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Supreme Court appears poised to act quickly on Texas abortion law challenge

by | Jun 25, 2015

By Dave Andrusko

USSupremeCourtbldgVeteran Supreme Court reporter Lyle Denniston reported Wednesday that the justices will likely act promptly on the request by abortionists to delay the impact of two provisions of Texas’ H.B. 2 scheduled to go into effect in July until the High Court acts on an appeal they will file later.

As we explained Monday, the provisions at issue are the requirements that abortionists have admitting privileges at a hospital within 30 miles in case of medical emergencies and that abortion clinics meet the requirements of ambulatory surgical centers.

Denniston reported that Justice Antonin Scalia told attorneys for the state of Texas to reply by 4 p.m. Friday. “Scalia has the authority to act on his own, but he probably will share the issue with his colleagues, as he did in October when the Court dealt with the Texas case at a preliminary stage,” Denniston reported.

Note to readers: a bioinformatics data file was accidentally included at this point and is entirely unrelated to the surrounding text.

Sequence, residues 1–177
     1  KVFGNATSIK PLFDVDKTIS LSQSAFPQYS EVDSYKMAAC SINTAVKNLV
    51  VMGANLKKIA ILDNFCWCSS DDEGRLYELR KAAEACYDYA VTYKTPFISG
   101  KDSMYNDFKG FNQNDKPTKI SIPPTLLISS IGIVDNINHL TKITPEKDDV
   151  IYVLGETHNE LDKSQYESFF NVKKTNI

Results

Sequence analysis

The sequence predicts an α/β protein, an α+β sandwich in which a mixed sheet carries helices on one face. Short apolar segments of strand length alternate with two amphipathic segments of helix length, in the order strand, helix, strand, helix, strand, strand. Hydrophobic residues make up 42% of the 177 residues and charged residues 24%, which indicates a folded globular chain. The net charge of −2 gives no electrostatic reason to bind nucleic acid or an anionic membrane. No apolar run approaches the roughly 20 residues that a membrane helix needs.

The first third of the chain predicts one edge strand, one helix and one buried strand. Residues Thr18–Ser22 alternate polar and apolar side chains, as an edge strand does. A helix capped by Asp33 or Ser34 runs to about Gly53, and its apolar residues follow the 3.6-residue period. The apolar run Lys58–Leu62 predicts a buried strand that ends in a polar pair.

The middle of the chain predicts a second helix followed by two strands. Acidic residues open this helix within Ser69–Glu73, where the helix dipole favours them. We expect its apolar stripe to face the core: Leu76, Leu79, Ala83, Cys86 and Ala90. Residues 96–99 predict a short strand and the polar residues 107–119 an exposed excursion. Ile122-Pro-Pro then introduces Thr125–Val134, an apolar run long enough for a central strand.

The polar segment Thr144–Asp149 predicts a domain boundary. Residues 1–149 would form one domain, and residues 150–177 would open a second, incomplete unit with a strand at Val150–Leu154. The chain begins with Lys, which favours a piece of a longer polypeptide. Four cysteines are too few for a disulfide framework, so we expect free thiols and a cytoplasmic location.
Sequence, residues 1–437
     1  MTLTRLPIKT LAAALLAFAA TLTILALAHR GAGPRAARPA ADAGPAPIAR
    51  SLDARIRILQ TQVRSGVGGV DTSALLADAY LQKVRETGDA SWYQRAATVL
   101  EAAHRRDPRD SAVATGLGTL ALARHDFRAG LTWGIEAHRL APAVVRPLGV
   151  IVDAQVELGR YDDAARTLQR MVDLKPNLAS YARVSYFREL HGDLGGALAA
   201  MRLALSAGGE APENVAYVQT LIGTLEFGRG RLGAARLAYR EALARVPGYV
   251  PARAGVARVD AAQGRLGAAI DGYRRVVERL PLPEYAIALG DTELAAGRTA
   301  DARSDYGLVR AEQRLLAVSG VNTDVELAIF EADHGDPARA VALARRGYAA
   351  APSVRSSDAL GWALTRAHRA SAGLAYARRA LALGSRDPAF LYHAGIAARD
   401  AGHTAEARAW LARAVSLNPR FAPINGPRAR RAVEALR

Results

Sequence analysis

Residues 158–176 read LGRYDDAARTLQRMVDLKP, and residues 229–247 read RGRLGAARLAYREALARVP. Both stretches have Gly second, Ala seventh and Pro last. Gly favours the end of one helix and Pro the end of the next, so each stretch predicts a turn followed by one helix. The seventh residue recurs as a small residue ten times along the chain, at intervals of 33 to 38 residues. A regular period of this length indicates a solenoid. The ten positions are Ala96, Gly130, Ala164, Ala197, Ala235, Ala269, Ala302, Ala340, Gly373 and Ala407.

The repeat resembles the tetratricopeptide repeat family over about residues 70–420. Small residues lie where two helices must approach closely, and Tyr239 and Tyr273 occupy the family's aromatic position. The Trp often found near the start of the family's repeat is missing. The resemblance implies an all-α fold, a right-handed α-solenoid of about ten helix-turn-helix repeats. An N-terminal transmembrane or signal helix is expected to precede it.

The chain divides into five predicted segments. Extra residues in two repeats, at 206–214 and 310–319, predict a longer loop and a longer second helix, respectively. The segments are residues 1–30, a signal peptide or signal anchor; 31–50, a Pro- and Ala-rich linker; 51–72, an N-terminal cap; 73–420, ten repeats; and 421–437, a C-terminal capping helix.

The justices appear poised to take some action on the delay request by early next week when its current term ends but not on the appeal itself.

Denniston also reported

Both of those provisions have been upheld, in nearly all situations in the state, by the U.S. Court of Appeals for the Fifth Circuit. It modified the surgical facilities requirement slightly to accommodate the clinic in McAllen, the only clinic performing abortions in a wide area of southwest Texas. The Fifth Circuit divided two to one in refusing to delay the enforcement of the law.

As we also reported, there are multiple reasons why this case could be especially important:

First, 16 states have protective laws requiring that abortionists have admitting privileged in a nearby hospital while 22 states have laws mandating that abortion clinics be treated like ASCs.

Second, the justices may—or may not—wish to revisit what it means by an “undue burden” on a woman’s “right” to abortion, first articulated in the 1992 Casey decision.

And third, if the High Court does take the case, a decision could come down a year from now, squarely in the middle of the 2016 presidential contest.

Categories: Judicial
Tags: H.B. 2